Free-range eggs will return to supermarket shelves in the coming days as restrictions preventing the spread of bird flu have started to lift.
Since early November, keepers have been required to house flocks indoors and away from wildlife to reduce the spread of avian influenza.
It compounded existing nationwide shortages of eggs, with some supermarkets limiting the number of boxes customers can buy.
Higher energy bills, along with the soaring costs of chicken feed, hens and packaging, have forced producers to cut back on output.
But, from Tuesday, eggs labelled “free range” will be back in shops as hens will again have access to outdoor areas.
The Government said bird flu risk levels have reduced to “medium” which means poultry and other captive birds no longer need to be housed.
But chief veterinary officer Christine Middlemiss stressed it is “more important than ever” for birdkeepers to remain vigilant for signs of the disease and maintain “scrupulous” biosecurity standards.
The UK has faced its largest ever outbreak of bird flu with more than 330 cases confirmed across the country since late October 2021.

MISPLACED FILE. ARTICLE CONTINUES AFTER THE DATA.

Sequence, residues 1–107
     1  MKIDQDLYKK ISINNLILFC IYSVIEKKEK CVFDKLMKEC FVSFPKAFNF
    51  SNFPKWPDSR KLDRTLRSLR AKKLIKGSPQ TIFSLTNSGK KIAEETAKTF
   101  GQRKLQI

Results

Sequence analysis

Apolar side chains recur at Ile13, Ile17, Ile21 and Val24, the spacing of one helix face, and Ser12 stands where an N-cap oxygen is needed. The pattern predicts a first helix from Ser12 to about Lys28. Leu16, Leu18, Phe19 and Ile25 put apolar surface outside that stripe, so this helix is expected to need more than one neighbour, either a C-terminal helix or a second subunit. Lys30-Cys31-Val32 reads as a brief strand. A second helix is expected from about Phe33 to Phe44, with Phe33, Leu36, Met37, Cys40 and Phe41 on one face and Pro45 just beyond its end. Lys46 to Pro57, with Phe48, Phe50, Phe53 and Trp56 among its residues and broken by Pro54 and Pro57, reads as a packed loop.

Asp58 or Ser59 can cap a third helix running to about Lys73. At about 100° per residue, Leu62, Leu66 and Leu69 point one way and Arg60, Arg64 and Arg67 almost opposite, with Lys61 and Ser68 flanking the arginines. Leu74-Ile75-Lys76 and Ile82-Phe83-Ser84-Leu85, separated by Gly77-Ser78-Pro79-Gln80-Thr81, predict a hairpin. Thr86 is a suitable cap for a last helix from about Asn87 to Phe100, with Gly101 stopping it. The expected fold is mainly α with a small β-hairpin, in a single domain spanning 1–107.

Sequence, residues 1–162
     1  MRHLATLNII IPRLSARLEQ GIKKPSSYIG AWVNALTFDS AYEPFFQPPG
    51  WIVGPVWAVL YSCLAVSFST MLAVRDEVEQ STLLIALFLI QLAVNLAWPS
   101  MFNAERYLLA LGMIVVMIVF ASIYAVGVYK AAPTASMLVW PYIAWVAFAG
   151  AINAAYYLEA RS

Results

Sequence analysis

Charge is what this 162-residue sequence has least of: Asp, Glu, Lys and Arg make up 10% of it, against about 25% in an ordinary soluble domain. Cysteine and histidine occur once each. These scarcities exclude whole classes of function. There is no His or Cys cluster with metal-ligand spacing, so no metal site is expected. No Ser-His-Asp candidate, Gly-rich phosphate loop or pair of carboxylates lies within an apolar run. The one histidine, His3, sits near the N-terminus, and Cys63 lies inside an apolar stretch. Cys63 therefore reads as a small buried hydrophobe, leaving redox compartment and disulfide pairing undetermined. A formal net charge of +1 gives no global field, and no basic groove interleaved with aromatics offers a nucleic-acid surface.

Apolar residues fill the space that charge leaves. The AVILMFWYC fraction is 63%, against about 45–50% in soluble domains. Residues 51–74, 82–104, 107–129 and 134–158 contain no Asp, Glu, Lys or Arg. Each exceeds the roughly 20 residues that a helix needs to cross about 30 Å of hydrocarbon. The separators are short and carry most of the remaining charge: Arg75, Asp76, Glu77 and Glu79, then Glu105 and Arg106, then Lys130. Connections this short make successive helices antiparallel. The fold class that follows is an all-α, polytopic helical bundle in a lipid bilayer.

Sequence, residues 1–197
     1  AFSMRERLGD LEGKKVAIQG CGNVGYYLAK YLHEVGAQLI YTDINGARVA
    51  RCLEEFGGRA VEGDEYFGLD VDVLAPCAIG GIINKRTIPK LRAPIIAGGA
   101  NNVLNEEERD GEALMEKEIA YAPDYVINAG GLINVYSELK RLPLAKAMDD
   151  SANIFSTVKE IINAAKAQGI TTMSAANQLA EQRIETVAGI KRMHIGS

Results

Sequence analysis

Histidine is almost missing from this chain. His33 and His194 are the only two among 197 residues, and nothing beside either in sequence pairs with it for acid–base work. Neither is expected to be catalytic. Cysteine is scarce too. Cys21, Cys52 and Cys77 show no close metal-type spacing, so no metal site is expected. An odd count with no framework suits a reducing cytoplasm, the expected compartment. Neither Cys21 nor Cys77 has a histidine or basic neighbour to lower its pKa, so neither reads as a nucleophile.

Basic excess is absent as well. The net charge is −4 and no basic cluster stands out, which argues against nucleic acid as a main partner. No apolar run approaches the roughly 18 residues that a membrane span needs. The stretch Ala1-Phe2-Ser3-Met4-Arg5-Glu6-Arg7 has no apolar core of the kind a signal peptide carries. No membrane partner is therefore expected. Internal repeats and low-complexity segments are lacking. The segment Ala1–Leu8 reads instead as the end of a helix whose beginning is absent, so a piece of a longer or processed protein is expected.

Experts have warned that, despite the relaxation of restrictions, the disease is still around in wild birds.
Robert Gooch, chief executive of the British Free-Range Egg Producers Association, said there is a “sense of trepidation” among farmers even though it is good news for birds that have been kept inside over the winter months, and for consumers who want to buy free-range eggs.
Food standards bodies have reassured the public that avian influenza poses a very low risk to UK consumers, and there is no impact on properly cooked poultry and eggs.
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